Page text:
The days of physical advertisement are indeed moving out of existence, and it is becoming easier to implement with a few clicks of the mouse. Learning a few tricks of internet marketing may have helped your business to be noticed by potential customers. But just implementing a few marketing tactics here and there is not enough. For many firms, even after they employ an entire team of marketing experts, they are sometimes not able to succeed. This can be due to certain mistakes made when approaching different marketing strategies. If you have a bright, new business idea, you will need marketing to support it. Just be sure that you don't make the following blunders.
In today's marketplace, fans and customers expect to be treated like kings. Since the competition is significant in every single niche and industry, your brand needs to stand out from the crowd and create a stronger relationship with its prospects.
There are countless ways to improve your brand perception. One of the most productive ones is to develop a great customer service system that creates a stronger bridge between you and your buyers.
How do you do that?
There's no doubt about it that marketing isn't always smooth sailing and even some of the most successful brands in the world launch campaigns that aren't received well at all. In fact, some of the following campaigns from the likes of McDonalds and Coca Cola even went as far as to cause public outrage. Here are seven of the worst marketing mistakes we've ever seen!
In early December, Expedia, Inc. held their annual Partner Conference in Las Vegas where the entire travel industry (or at least those who use Expedia properties which is, like, everyone) gathered to learn the latest and greatest about travel strategies and Expedia offerings.
Part of the conference focused on the offerings from the Expedia Media Solutions group which, in essence, is like a giant ad network for any brand interested in reaching travel demographics. Expedia Inc. owns Expedia, Travelocity, Hotels.com, Orbitz, Hotwire, Trivago and several others. In other words, it's basically everything except booking.com and Kayak. So, yea, if you're a brand looking to tap anything in the travel space, you'll likely be working with Expedia.
Wow. I just wrote about an idiotic bank ad which made light of environmental issues and now we have a Bloomingdales' ad which many say makes light of date rape.
A Christmas print ad for the retailer shows an image of a woman and a man with a very questionable headline between them. The headline reads, "Spike your best friend's eggnog when they're not looking."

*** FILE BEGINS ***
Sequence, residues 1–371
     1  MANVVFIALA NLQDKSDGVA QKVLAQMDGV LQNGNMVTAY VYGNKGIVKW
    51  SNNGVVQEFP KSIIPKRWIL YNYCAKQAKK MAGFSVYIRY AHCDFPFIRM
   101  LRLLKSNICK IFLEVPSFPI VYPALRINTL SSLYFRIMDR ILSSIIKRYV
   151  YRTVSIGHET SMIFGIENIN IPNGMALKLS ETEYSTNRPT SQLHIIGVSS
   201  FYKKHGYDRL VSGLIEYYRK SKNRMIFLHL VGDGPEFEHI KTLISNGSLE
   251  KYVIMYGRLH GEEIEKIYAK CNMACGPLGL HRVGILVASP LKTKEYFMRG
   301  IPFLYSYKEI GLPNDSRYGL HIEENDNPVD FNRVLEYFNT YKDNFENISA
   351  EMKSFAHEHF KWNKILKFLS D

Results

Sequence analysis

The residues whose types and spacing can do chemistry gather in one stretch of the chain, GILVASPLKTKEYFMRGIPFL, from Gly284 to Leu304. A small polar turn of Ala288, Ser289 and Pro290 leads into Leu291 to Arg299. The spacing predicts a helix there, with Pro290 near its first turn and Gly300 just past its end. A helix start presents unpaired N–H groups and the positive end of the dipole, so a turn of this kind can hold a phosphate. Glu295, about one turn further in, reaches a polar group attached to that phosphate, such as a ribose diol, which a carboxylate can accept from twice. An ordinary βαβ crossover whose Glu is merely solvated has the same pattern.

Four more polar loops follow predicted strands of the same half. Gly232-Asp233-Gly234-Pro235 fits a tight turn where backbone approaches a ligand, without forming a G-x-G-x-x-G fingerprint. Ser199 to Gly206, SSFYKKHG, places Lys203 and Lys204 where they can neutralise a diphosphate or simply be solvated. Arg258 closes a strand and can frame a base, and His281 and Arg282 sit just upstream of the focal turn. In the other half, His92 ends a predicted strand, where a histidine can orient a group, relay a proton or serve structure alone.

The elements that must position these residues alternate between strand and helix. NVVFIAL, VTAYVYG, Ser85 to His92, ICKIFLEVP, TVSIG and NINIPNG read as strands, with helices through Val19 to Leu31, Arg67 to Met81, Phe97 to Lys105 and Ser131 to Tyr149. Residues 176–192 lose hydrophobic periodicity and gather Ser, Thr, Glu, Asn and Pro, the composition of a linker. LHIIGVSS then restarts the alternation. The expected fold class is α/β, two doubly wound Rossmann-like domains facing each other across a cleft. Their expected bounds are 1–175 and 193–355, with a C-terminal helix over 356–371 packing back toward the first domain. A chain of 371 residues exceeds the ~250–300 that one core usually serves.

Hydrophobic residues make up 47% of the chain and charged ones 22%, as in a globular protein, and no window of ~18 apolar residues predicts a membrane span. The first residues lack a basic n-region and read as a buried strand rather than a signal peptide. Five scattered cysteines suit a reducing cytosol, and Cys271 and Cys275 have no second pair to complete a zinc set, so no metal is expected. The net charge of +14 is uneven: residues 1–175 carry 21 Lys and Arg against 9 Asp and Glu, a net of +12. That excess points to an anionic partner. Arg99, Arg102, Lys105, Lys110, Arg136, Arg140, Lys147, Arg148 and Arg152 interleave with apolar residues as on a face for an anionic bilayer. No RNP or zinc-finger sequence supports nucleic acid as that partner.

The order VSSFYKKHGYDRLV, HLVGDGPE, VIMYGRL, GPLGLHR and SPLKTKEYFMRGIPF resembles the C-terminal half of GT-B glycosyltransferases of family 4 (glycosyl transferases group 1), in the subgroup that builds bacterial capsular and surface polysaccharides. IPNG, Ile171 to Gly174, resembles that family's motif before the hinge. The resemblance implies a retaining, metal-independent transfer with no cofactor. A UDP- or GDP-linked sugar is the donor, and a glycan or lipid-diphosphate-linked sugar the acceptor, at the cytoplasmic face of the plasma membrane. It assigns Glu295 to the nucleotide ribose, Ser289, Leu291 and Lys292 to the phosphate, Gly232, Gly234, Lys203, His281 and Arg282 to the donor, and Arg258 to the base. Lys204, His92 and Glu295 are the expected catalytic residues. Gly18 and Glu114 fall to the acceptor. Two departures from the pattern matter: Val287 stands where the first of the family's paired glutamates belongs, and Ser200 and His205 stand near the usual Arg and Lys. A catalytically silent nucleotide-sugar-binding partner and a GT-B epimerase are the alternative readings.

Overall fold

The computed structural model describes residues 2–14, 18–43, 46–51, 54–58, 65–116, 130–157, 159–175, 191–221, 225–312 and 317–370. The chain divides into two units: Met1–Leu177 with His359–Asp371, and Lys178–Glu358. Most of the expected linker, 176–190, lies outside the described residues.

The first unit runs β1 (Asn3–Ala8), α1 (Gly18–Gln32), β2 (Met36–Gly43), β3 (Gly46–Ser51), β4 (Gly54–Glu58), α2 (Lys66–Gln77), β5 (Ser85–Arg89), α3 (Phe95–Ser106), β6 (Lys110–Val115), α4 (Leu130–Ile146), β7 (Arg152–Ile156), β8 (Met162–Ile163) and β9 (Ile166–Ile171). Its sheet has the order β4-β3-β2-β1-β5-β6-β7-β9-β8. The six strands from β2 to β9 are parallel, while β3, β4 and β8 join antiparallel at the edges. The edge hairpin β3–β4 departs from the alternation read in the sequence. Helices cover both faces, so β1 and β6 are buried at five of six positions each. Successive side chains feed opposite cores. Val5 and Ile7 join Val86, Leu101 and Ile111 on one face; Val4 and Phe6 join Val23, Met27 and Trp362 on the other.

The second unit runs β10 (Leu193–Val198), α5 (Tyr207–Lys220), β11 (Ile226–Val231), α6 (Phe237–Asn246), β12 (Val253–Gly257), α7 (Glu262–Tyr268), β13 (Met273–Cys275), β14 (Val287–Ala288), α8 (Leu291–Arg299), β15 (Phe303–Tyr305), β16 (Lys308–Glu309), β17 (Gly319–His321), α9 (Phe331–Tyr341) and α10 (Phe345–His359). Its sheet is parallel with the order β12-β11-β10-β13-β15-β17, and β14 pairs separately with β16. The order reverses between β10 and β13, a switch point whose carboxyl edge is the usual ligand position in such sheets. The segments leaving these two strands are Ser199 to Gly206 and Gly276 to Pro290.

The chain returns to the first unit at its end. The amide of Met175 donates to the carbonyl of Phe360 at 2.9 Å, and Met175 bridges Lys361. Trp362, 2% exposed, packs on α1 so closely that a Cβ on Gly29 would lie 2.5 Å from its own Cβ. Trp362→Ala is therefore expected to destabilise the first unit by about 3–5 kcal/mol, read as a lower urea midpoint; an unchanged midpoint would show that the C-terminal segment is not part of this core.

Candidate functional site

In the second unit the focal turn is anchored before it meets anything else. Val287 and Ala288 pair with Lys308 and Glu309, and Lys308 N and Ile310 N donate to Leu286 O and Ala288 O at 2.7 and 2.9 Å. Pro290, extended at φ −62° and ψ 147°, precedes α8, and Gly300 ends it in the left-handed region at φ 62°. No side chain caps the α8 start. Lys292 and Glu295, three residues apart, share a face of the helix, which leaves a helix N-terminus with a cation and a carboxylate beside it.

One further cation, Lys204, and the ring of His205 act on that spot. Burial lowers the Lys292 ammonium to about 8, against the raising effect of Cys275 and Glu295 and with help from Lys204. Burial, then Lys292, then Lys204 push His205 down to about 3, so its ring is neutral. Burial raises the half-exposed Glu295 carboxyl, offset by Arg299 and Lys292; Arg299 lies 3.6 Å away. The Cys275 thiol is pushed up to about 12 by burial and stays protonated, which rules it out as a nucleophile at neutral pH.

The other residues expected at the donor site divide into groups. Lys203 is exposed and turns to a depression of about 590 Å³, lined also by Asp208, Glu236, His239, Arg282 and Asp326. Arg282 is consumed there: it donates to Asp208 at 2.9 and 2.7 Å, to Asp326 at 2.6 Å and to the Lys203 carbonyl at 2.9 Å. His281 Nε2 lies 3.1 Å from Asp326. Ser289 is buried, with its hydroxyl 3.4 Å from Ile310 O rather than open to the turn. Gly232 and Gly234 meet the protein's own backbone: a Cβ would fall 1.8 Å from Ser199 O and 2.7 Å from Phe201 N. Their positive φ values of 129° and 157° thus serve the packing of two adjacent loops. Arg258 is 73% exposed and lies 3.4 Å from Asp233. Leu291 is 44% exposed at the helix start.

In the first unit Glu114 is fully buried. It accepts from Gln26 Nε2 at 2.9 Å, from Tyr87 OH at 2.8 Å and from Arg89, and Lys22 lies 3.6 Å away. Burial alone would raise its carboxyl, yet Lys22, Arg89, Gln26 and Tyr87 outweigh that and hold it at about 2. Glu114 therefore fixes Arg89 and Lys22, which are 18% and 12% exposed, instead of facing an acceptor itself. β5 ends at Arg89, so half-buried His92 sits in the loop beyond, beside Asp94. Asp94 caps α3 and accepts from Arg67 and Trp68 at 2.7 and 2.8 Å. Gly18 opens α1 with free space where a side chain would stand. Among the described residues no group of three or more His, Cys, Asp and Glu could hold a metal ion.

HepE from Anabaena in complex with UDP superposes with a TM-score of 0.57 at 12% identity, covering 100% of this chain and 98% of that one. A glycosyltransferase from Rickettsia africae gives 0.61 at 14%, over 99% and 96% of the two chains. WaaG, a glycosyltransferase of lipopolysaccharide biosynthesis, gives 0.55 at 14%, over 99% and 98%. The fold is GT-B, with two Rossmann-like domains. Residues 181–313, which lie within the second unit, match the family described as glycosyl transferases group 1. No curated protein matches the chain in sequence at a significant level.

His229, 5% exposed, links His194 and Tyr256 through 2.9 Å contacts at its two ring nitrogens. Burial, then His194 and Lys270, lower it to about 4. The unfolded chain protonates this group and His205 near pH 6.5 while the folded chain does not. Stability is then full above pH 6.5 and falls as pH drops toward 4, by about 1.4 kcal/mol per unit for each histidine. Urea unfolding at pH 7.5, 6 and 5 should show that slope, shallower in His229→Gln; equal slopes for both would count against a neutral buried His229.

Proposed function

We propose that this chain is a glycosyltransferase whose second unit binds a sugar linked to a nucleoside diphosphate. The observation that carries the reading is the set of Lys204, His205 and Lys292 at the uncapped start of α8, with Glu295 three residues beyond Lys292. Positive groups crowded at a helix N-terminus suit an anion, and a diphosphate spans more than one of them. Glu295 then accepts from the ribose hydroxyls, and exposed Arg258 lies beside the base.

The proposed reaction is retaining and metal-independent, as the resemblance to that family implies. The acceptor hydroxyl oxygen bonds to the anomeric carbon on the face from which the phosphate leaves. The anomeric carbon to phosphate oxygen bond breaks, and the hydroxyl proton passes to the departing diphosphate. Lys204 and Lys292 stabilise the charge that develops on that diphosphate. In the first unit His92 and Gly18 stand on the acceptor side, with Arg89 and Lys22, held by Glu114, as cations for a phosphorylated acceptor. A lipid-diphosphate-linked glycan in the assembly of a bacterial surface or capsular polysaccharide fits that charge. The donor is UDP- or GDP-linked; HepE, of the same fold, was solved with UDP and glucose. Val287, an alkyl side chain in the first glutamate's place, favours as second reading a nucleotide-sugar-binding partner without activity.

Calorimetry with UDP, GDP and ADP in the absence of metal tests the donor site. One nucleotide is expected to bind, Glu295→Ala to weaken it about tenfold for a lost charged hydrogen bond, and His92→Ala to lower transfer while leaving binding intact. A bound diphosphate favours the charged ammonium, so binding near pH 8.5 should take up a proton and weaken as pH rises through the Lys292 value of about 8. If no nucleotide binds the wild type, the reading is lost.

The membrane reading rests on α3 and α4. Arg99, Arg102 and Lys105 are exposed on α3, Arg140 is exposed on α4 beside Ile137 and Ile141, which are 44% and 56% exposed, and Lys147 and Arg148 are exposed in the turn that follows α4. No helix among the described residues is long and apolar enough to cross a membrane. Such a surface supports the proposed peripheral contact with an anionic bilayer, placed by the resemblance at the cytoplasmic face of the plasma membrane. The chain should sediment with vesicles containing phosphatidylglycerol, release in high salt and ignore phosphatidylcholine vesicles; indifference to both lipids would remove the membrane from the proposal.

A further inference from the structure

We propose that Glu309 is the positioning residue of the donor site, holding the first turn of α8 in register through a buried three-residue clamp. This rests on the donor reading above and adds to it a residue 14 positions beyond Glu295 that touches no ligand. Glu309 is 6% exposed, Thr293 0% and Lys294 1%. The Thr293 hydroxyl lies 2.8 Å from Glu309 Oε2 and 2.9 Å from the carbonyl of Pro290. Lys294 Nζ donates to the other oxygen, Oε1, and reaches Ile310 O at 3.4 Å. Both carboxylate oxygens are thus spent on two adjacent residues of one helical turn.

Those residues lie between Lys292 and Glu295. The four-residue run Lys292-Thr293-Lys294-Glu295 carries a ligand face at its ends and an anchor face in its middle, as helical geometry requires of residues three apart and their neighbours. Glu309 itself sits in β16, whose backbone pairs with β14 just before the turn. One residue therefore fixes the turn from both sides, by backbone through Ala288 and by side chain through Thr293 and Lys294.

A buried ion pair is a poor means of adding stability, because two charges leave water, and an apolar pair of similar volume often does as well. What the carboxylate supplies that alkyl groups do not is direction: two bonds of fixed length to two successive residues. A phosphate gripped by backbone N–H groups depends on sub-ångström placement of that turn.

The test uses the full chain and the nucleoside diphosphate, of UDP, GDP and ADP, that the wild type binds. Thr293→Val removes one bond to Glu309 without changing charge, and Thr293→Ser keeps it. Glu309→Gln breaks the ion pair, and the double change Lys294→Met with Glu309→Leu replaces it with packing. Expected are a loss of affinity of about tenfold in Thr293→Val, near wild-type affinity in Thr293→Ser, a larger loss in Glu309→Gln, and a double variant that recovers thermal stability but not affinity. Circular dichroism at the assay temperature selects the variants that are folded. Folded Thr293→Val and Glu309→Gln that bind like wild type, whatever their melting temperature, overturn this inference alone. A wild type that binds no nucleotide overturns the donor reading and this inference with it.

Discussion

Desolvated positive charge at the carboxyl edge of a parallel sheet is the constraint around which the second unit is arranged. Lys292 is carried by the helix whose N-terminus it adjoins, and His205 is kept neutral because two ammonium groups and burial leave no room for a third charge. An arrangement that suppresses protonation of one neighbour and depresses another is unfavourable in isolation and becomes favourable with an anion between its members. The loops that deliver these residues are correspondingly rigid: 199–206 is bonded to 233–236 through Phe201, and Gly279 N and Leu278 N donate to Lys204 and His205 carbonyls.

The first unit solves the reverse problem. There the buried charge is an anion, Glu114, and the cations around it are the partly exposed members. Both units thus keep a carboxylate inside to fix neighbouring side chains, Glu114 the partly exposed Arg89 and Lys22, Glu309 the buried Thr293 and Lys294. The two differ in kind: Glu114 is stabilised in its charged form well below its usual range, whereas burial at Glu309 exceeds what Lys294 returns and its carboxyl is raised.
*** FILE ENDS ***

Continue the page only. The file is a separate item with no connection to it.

Did you miss me?
You would think after all these years we would have moved past the point were brands make egregious lapses in judgement knowing full well the wrath of social media outrage will rain down upon them like a ton of bricks. But, apparently, no.
A Philippine bank, BDO Unibank has apologized for an ad it ran which made light of environmental issues. In the ad, which carries the headline "Save the environment or save up to see places," a man can be seen holding a sign that reads, "Stop deforestation" behind a woman who is enjoying her travels. The word "or" is placed between the two.
When online "experts" share their "expertise," it is always advisable to observe with some skepticism. While the Internet can be considered the modern bastion of knowledge, opinions, and ideas, it is not completely dependable.
In fact, most of what you can find on the web is unreliable information. Take the case of online marketing as an example. Many online marketing "experts" who preach their supposedly effective strategies embarrass themselves by the failure of their ideas in their own practical application.
The following can be considered the worst mistakes in online marketing in 2014. They represent the biggest misconceptions in marketing being peddled by self-proclaimed marketing experts and even by those who have had some real experience in online marketing.
Here's an infographic from UK agency Oomph that details the hidden imagery and meaning in 40 big brand logos. Many, like the arrow in the FedEx logo, you may already be aware of. Some you may not.
Take a look.
Pity the poor woman who doesn't live up to Victoria Secret's definition of perfection which probably hovers somewhere around 5'8", 34C-22-34. If you don't come close to those measurements, it appears you should should shop elsewhere.
A new campaign for the brand is touting a line of bras they call Body by Victoria. The ads carry the headline, "The Perfect Body," along with images of, well, women with "perfect" bodies.
Certainly there's an aspect of every advertising campaign which aims to be aspirational, motivational, uplifting in a way that, ideally, cause a person to respond, "I want to be like that. I want to be better. I'll have what she's having. I want to be better. Etc." And a nice motivational kick in the ass is a good thing every once in a while.
A few weeks ago, a friend of mine received an email from HSBC Bank informing him that as a platinum cardholder, he was entitled to "fabulous wedding offers." From the banquet, gown and jewelry to photo packages and honeymoon travel, his wedding bases were covered. It might have been nice if he weren't married with two young kids - details that were stated clearly on his HSBC profile.
This is one of many innocent but avoidable blunders we encounter in the digital age. As marketers try to conquer every 'touch point', many risk diluting the personal, human touch of commerce. Despite covering QR codes, email, mobile, social, web, events, webinars, etc. all at once, marketers continue to provide a unichannel experience in a multichannel world.